At recent meetings in the US, attended by pig practitioners from all over the globe, we were challenged to ‘look beyond our own back yard’ and view the bigger picture.
We then had to briefly update the meeting on the areas of primary focus in each of our regions.
It was an ideal opportunity to amble down to the bottom of the garden and see what the rest of the world was struggling with.
Unsurprisingly, the issues identified were not dissimilar across the regions. High feed costs, ever-limited resources, high cost of investment, market uncertainty, consolidation of sow numbers, disease threats and regulatory restrictions featured large in pretty much every update. The shocking part for me was when the local context was highlighted. We in the UK take the threat of notifiable disease seriously but, for now at least, it remains a remote issue.
My colleagues from Poland and Russia don’t need to look over the fence – the problem is already in the garden as they face outbreaks, restrictive control measures and increased surveillance in their practice areas. To hear them talking in a matter-of-fact way about units which have failed to eliminate disease, or have been successful, only to break down again within a short timescale, was unnerving.
One large US production company estimated that 25% of its production would be lost if there was a foreign animal disease incursion, highlighting frustration that current response mechanisms in the event of such an outbreak were outdated – a 1950s approach to 21st century production.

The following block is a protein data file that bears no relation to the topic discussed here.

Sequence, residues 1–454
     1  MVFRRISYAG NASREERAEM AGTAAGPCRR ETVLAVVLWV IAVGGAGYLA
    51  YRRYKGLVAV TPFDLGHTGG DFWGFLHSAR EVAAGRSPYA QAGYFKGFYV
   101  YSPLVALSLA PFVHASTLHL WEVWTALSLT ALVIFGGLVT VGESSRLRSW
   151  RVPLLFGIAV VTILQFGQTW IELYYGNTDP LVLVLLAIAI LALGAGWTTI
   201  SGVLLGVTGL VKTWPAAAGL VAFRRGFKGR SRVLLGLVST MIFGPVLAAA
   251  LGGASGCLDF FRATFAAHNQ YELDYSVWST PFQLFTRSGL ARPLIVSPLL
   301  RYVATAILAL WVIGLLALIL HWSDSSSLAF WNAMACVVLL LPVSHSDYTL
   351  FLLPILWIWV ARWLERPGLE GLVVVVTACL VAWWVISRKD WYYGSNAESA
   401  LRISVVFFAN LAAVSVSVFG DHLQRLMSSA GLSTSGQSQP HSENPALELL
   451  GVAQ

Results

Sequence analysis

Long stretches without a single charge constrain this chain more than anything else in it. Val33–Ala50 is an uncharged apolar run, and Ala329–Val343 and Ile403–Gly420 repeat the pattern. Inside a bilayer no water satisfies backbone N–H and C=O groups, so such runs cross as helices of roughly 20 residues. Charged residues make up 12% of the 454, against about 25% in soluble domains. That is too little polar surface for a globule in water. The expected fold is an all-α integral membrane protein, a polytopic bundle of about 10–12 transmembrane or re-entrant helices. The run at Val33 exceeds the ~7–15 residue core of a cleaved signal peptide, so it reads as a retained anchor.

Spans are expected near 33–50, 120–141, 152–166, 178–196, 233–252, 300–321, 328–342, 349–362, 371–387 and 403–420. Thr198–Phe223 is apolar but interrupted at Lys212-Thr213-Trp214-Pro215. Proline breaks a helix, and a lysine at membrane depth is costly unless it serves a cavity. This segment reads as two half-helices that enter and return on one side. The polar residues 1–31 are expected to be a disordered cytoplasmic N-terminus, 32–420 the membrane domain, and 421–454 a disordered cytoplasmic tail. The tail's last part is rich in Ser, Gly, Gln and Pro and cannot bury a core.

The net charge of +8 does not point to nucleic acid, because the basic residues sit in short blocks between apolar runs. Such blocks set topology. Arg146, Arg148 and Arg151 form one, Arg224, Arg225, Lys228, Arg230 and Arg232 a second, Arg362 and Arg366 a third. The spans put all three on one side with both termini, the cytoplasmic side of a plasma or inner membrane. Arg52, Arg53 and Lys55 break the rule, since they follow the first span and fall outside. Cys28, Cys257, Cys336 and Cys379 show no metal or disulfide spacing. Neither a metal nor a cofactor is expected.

Significant airtime was given to antimicrobial stewardship and welfare. Retailers in some countries are putting the industry under pressure as consumers (encouraged by well-funded NGOs) start to demand products from ‘radical production methods’. Some of these were familiar: free-range production, no antibiotic used, non-GMO. (But I wasn’t aware there were groups calling for ‘vaccine free’ production, and am still struggling to work out why – answers on a postcard please). The approaches varied widely, although I felt we were several steps ahead in both of these areas.
The overarching messages I took home to my ‘backyard’ is that, although we may be a small industry in the global context, we have not buried our heads in the sand but faced some of the challenges proactively. This is not an excuse to sit back and relax, certainly where health is concerned, as complacency is probably the biggest threat we face.
For now, I will carefully file away my passport and amble down to the bottom of the garden to see if the cows have made any inroads on the nettles on the other side of the fence, and be thankful that the view is currently disease-free and serene.